'essential Pepin'

By DiAnne Crown

October 7, 2011 6 min read

"In my sixty years as a cook -- as a professional chef, a husband, a father, a grandfather, an author of many cookbooks, and a cooking teacher -- I have created thousands of recipes, each memorable and worthy in its own way. Now, for the first time, I have taken stock, reflected back over my life in the kitchen, and assembled the best in one place: the recipes I love the most."

And with that, a wonderful new book of Jacques Pepin's recipes, techniques and original illustrations opens to serve the beginning cook and experienced chef alike. "Essential Pepin: More Than 700 All-Time Favorites from My Life in Food" is a cookbook full of classics and reconstructed recipes, homey country French, haute cuisine, fast food and fresh contemporary American dishes from the chef known as the champion of simplicity.

The collection includes soups, salads, eggs and cheese, breads, sandwiches, pizzas, pasta, rice, grains, potatoes, shellfish, poultry, beef, charcuterie, vegetables and side dishes, fruit desserts, puddings, sweet souffl?s and crepes, cakes, cookies, tarts, pies, pastries, frozen desserts and a chapter called "Basics."

The cookbook also comes with a three-hour DVD that demonstrates Pepin's techniques, which he acquired during his "arduous years as an apprentice." They are "meant to stimulate you and get you involved in the basics, and they will help you not only with this book but with any cookbook you have in your home," Pepin says.

He emphasizes seasonal foods. The fall and winter holidays are no exception. A delicious evening dinner for family and friends at home might include garlic soup, turkey cutlets and a pear brown betty or even a beautiful yule log. Below are three recipes that would work well for a weekend brunch.

According to Pepin, "most important is the planning of the food so you know that you can do it. Break the recipes down to determine the number of individual servings you will need for the number of guests attending; what you can prepare comfortably for a small party might not work for a large one. Do what you know how to do; don't experiment. Consider the availability of the food you will need, and select food based on the season."

He concludes his introduction with this encouragement for his readers: "One thing that will never change: the greatest meals are the ones shared and enjoyed with loved ones."

CRUSTY SALMON ON THE SKIN

Servings: 4

1 1/2 tablespoons canola oil

2 slices bread, cut into 1/2-inch croutons (1 cup)

4 skin-on salmon fillets, 6 to 7 ounces each

1/2 teaspoon salt

1/4 teaspoon freshly ground pepper

1/4 cup diced (1/2-inch) tomato

8 caper berries

2 teaspoons minced fresh chives

2 tablespoons unsalted butter

1 tablespoon red wine vinegar

Heat the oil in a large nonstick skillet until it is hot but not smoking. Add the croutons, and cook for about 2 minutes, stirring occasionally until nicely browned on all sides. Transfer to a bowl, and set aside.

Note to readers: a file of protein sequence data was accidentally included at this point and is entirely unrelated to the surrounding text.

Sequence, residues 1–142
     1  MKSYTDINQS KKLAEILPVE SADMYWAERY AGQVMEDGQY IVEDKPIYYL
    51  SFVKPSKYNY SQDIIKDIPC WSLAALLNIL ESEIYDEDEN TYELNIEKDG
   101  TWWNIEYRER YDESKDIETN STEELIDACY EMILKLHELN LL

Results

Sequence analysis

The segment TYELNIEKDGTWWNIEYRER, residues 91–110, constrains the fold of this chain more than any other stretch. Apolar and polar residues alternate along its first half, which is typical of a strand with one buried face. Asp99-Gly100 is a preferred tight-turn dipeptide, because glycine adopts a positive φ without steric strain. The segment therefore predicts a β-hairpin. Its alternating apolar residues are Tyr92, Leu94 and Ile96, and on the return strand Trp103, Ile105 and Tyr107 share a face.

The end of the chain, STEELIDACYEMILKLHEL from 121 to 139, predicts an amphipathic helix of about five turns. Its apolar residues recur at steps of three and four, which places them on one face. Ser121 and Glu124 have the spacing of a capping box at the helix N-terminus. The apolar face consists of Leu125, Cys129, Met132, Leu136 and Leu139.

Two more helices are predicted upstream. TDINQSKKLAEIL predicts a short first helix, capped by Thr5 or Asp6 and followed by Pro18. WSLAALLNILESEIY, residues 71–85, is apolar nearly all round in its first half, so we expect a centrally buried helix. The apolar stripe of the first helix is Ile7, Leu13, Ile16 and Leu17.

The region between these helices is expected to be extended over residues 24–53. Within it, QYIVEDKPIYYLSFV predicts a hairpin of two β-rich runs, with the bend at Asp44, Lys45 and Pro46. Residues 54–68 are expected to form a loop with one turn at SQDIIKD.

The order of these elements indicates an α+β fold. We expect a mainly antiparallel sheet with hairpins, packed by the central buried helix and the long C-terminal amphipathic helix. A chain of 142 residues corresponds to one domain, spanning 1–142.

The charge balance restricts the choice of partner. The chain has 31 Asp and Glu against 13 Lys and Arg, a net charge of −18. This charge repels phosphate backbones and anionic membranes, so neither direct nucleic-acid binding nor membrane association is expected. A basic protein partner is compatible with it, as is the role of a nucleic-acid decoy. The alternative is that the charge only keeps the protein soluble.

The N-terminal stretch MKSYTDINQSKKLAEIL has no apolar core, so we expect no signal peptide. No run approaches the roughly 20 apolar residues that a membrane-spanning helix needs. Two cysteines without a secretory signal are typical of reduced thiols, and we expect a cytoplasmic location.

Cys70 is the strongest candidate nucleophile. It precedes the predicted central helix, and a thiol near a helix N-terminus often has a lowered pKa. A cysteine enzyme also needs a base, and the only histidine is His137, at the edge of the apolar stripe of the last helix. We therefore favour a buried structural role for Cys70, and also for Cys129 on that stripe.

Sprinkle the salmon on both sides with the salt and pepper, and place skin side down in the hot skillet. (No additional fat is required.) Cook, uncovered, for 3 minutes over medium-high heat, and then cover and cook for another 2 minutes. (Covering will create enough steam to cook the fish on top.) Place the steaks skin side up on a warm platter, and sprinkle them with the croutons, tomato pieces, caper berries and chives.

With a paper towel, wipe away any fat that accumulated in the skillet. Add the butter to the pan, and cook over medium heat until it is lightly browned. Add the vinegar, and shake the pan to mix it in. Then pour the mixture over the fish. Serve.

CORN CHOWDER

Servings: 6

2 tablespoons unsalted butter

1/2 cup grated onion

1/2 cup sliced scallions, including some green

4 cups milk

1 teaspoon salt

1/2 teaspoon freshly ground black pepper

3 cups corn kernels (from about 5 ears)

Melt the butter in a large saucepan. Add the onion and scallions, and saute over medium heat for about 2 minutes, until soft and sizzling. Add the milk, salt and pepper, and bring to a boil. Add the corn, and stir. As soon as the soup boils again, remove it from the heat. Serve.

(Pepin includes a recipe for baguette toasts, which can be served either in the soup or on the side.)

"GOOD LADY" APPLES (APPLES BONNE FEMME)

Servings: 6

6 large apples (2 pounds)

1/3 cup apricot jam

1/3 cup light maple syrup

3 tablespoons unsalted butter, cut into 6 pieces

Heat the oven to 375 F.

With a corer or knife, core apples, being sure to remove all core and seeds. With the point of the knife, make an incision in the skin about a third of the way down each apple, and cut through the skin 1/8 to 1/4 inch deep all around. As the apple cooks, the flesh expands, and the part of the apple above this cut will lift up like a lid. Without this scoring, the apple could burst.

Arrange the apples in a gratin dish or another baking dish attractive enough to be brought to the table. Coat the apples with the apricot jam and maple syrup, and dot with the butter. Bake for 30 minutes.

Baste the apples with the juice, and cook for another 30 minutes. The apples should be cooked throughout -- plump, brown and soft to the touch. Let cool to lukewarm before serving.

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